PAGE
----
Schools participate in these promotions because they are starved of resources, said Sean Cottrell of the Irish Primary Principals Network
“We invest less than the OECD average on primary education and many schools are desperate for equipment and resources,” he said. “It is fundamentally wrong that schools have to rely on multinationals to prop them up. We are educators – not providers of canon-fodder for the multinationals.”
While some of the sponsored materials distributed around schools is not overtly commercial and pupils and parents do not have to buy anything to participate, there are others that are designed to change the purchasing decisions of parents. These are the ones that cause most concern and originate from large multinationals.
Perhaps the most well known promotional campaign is the Tesco “Computers for Schools” Competition. A token is received for every €10 spent in a Tesco store. Children are encouraged to bring in tokens. Each basic computer purchased through this scheme is the equivalent of 13,690 vouchers, accounting for almost €140,000 worth of sales at the supermarket, according to research done by teacher Joseph Fogarty.
In another well known campaign run by Independent Newspapers, “Building for the Future”, the competition requires that each child in the school collect 30 tokens featured in the daily Irish Independent and weekly Sunday Independent. Collecting these tokens qualifies the school to enter a project to win the €237,000 development grant competition. To ensure that each child has collected the tokens, a wall chart is enclosed with the information pack, which allows the teacher to enter each child’s name and the number of tokens he or she has collected written beside it.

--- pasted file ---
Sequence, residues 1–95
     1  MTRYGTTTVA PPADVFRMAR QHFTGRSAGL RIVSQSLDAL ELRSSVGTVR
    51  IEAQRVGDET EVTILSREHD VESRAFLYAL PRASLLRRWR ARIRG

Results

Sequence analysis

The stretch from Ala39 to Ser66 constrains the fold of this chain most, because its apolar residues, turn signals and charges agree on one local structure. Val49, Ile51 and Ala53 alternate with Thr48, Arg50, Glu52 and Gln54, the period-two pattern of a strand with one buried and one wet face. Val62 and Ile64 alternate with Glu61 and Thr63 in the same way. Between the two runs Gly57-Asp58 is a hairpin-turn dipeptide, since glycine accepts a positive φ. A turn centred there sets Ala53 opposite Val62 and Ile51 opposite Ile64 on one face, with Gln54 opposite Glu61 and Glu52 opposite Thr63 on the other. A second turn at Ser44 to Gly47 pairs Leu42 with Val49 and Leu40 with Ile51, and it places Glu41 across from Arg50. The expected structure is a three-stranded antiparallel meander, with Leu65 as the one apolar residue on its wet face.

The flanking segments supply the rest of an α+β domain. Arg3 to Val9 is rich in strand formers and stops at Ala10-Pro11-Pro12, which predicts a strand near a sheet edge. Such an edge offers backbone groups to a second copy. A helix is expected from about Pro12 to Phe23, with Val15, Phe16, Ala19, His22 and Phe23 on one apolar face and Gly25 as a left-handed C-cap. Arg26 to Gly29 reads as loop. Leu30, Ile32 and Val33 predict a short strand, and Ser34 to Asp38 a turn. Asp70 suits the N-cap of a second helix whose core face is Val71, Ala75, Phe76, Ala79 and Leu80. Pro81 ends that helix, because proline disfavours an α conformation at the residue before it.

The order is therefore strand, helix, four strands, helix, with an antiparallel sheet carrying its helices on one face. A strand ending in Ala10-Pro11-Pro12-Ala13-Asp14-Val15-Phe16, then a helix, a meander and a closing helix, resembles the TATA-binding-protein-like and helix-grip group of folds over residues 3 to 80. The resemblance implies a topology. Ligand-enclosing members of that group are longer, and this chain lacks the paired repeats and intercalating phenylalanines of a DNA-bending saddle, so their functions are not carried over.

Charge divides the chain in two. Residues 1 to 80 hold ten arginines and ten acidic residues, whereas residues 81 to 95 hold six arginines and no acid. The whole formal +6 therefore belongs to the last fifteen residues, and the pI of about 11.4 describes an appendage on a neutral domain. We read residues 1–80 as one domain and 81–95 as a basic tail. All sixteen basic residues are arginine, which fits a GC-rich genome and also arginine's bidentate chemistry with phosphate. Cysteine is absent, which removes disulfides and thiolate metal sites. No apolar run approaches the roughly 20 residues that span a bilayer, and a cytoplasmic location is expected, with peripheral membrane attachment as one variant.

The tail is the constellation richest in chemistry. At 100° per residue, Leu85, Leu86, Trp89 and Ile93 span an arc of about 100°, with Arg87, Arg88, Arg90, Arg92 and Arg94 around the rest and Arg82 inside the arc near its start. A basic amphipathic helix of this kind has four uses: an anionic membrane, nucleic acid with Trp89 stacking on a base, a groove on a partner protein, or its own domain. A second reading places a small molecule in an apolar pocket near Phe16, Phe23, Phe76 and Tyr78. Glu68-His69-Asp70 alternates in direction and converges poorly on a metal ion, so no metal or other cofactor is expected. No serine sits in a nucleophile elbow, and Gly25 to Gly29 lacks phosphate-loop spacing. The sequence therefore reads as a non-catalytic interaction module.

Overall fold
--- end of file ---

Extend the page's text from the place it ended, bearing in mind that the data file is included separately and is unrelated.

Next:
“The competition between young children to bring in the most tokens, at an age when children want to impress the teacher, is intense,” Fogarty said.
Classes were also caught up in the Domestos “germ catcher” campaign in 2003 to promote national hygiene week. The teacher of the winning class received a €1,000 holiday voucher. The pupils won return flights to London with €100 each to spend in a toyshop there. The competition consisted of a cartoon-like poster depicting mayhem at a birthday party. The children had to find the 23 germs in the poster and then locate the nine Domestos products on the poster.
The lack of research on this issue in Ireland means that parents or teachers cannot make informed decisions about which competitions or promotions have educational value and which ones are too commercial. There is no guidance available from the Department or from any of the teaching or parent bodies.
A new group is being established by Fogarty to highlight the dangers of commercial promotions in schools and to act as a resource to parents and teachers.
“We are going to draw up simple criteria to help assess the promotional products coming into the school and review all the material,” Fogarty said. “We will then post this on a website we will set up, giving the thumbs up or thumbs down to a particular promotion. At least it will give people some idea about what they are dealing with. We have to start protecting what is left of childhood innocence and return to educating children.”